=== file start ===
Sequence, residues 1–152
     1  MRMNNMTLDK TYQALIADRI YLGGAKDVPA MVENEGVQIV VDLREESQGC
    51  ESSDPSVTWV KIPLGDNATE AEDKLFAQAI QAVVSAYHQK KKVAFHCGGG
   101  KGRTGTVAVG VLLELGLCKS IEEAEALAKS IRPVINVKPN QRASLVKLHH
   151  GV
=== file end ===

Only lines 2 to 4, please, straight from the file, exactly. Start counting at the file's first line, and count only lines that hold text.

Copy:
     1  MRMNNMTLDK TYQALIADRI YLGGAKDVPA MVENEGVQIV VDLREESQGC
    51  ESSDPSVTWV KIPLGDNATE AEDKLFAQAI QAVVSAYHQK KKVAFHCGGG
   101  KGRTGTVAVG VLLELGLCKS IEEAEALAKS IRPVINVKPN QRASLVKLHH